February 12, 2016
By Daniel J Wallace MD
The year 2016 opens with some very exciting new developments in the field of lupology. A few interesting examples are listed below.
It turns out that only 20% of lupus is due to a genetic component. Epigenetics, or how the environment influences the genome is very important. Recent studies, for example, have suggested lupus patients have a unique microbiome, or bacterial makeup in their gut. The ability to repair damaged DNA is by a process known as methylation. It is possible that certain foods ‘hypomethylate’ and these can make SLE worse, and other foods may be helpful which in turn affect T cell function, and thus inflammation.
Lupus in the kidney, or nephritis, has often been confusing to follow because of the lack of consistency in how we measure it. A group in Chicago has made the revolutionary finding that the prognosis of nephritis relates more to a structure in the kidney known as the interstitium as opposed to the glomerulous. This implies that way we have reading kidney biopsies for the last 30 years is wrong. Using newer forms of imaging and biomarkers, in the next 2-3 years, without performing serial biopsies, we should be able to assess and learn how to better manage lupus nephritis.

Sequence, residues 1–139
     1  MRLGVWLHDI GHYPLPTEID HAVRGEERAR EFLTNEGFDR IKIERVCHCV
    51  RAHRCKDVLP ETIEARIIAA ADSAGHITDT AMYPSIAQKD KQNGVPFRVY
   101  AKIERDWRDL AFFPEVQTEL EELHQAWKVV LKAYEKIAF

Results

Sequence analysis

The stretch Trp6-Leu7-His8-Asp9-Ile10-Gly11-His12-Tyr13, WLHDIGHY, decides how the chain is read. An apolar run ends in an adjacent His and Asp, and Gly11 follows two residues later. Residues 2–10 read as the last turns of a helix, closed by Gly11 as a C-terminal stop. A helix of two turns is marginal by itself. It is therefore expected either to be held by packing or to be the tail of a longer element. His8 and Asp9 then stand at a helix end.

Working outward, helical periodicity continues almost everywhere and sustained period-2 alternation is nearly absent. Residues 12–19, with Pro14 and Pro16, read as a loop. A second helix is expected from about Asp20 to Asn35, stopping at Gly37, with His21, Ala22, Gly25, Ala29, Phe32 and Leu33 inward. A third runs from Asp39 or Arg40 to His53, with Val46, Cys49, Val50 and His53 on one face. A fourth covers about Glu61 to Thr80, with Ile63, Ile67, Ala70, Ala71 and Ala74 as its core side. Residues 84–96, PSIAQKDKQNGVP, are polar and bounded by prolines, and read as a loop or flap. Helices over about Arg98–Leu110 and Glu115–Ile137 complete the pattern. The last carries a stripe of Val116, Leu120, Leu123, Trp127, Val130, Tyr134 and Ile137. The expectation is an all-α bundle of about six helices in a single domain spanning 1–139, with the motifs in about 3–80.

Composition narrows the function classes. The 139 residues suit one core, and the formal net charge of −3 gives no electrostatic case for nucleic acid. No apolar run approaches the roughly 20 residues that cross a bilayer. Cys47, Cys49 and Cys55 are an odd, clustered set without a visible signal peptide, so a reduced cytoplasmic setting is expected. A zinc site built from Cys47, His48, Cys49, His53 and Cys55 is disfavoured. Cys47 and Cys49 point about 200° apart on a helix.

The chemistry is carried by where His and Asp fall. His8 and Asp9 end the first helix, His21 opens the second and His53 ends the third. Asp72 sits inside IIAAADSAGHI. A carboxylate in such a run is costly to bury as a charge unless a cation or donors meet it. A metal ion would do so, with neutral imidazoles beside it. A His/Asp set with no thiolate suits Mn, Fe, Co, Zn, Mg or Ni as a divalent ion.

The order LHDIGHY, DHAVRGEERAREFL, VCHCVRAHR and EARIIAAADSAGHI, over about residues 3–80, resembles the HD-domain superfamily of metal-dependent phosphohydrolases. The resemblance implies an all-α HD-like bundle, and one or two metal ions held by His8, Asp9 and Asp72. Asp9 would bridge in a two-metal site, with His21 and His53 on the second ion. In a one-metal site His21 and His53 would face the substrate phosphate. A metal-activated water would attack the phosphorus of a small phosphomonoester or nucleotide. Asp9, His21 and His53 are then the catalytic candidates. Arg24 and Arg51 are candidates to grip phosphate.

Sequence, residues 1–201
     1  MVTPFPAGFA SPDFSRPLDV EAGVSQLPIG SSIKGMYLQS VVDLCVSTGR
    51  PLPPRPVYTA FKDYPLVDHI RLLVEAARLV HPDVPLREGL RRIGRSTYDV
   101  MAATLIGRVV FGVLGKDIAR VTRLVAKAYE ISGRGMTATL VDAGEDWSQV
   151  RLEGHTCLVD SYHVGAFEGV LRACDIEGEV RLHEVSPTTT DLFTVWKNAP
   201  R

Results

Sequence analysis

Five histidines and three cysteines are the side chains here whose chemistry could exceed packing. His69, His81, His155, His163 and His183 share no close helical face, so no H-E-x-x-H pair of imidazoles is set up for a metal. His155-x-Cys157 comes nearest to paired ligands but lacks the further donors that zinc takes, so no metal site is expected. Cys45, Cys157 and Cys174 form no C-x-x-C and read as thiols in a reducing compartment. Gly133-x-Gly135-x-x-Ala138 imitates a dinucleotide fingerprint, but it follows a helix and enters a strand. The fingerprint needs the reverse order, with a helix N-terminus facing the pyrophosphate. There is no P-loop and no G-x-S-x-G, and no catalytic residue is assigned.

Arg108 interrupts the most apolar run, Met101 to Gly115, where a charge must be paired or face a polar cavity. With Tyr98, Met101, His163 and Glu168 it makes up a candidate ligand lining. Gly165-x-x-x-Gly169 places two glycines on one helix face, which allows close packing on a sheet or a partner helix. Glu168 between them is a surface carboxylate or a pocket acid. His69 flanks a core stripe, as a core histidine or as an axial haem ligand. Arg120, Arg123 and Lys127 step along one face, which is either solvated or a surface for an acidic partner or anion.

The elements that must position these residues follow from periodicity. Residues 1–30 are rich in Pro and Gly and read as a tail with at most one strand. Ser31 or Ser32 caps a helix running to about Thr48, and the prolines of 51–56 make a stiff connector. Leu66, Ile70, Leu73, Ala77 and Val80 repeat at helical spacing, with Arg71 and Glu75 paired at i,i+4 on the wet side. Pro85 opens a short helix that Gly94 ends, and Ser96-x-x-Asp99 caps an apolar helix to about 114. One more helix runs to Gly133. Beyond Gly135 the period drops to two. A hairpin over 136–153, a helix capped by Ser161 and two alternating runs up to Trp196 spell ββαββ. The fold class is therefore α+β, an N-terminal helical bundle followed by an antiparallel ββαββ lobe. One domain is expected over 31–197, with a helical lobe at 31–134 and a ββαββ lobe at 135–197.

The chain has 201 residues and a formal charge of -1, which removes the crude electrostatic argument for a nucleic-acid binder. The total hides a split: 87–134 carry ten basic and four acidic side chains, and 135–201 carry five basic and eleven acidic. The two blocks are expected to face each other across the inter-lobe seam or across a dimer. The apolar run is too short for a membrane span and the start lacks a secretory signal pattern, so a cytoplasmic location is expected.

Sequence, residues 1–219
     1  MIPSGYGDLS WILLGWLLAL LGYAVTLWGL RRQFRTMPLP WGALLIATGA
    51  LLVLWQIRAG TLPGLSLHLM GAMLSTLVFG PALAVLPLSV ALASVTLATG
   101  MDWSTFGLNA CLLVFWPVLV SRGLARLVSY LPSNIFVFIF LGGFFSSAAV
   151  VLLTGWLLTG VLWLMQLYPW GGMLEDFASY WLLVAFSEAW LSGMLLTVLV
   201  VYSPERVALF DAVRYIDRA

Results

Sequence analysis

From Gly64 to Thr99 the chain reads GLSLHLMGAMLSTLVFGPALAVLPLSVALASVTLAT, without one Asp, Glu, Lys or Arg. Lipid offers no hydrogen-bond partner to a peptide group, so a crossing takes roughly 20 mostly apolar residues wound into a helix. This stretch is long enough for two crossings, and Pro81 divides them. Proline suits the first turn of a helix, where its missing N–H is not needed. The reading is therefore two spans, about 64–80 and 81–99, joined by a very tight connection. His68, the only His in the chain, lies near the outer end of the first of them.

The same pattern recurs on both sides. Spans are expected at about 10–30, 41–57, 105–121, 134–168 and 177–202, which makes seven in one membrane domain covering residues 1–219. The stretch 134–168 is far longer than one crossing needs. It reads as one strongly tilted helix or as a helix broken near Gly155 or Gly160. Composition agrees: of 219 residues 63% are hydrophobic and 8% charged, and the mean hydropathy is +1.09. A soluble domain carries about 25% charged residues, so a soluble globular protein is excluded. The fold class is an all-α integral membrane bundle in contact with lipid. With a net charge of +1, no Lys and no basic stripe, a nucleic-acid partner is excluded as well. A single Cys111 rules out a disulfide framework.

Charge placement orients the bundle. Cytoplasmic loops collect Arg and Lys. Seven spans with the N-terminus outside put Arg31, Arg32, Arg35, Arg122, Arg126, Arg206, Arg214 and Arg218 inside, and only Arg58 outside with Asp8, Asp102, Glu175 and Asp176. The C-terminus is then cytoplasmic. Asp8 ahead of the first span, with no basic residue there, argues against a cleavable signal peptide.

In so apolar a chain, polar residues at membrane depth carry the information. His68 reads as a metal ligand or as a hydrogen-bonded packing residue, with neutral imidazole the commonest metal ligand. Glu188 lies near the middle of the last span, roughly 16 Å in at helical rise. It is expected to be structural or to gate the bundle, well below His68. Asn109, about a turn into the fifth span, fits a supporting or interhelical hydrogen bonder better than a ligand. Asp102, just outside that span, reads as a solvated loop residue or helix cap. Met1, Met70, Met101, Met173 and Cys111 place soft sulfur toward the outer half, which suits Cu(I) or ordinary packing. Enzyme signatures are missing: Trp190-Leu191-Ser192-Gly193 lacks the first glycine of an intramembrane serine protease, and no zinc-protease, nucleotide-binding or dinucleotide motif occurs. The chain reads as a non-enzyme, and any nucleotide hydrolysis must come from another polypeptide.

The failure of several large Phase III trials has been the result of inadequate study design rather than the failure of the drug to work. For example, agents known to be useful for the disease such as mycophenolate (Cell Cept) and rituximab failed in several studies. Several groups are now looking at different primary end points, or outcomes which make more sense, based on data from double blind studies to find out which type of testing does work. Also a group working with the newly formed Lupus Research Alliance, is studying repurposing, or using drugs already on the market for other diseases and known to be safe, for SLE. The first patients are going to be enrolled in the next few months.
Finally, new FDA guidelines for developing lupus drugs may appear in the next year. This will accelerate the development of new drugs and several new classes of agents, such as small molecules, anti-cytokine therapies and toleragens will be tested.